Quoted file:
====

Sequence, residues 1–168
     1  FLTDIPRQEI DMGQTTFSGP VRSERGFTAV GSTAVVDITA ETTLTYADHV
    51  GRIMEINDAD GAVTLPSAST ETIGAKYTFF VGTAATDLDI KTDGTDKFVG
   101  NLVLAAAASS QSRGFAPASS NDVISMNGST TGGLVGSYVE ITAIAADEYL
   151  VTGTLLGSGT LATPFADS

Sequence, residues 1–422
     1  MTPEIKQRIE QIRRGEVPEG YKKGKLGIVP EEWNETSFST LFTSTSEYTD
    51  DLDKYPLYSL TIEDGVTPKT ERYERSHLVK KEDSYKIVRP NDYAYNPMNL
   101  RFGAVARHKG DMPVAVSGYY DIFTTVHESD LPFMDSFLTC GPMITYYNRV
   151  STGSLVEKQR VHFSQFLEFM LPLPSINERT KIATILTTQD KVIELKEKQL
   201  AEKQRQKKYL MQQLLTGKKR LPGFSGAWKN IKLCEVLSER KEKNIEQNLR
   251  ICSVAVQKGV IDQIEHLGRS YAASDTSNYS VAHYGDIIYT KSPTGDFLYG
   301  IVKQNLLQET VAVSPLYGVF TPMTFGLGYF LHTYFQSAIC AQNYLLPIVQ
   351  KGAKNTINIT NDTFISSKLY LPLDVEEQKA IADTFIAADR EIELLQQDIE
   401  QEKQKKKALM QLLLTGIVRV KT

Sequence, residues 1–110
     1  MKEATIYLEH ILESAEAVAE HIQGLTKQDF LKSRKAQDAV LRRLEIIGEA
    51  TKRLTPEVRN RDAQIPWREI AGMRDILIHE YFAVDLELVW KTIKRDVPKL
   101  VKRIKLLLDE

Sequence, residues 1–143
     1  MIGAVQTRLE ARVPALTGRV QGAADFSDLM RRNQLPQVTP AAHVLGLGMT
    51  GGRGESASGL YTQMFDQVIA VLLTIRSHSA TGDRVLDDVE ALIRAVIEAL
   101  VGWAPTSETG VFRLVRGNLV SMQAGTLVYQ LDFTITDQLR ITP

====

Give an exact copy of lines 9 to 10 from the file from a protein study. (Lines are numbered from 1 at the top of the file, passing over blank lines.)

   101  RFGAVARHKG DMPVAVSGYY DIFTTVHESD LPFMDSFLTC GPMITYYNRV
   151  STGSLVEKQR VHFSQFLEFM LPLPSINERT KIATILTTQD KVIELKEKQL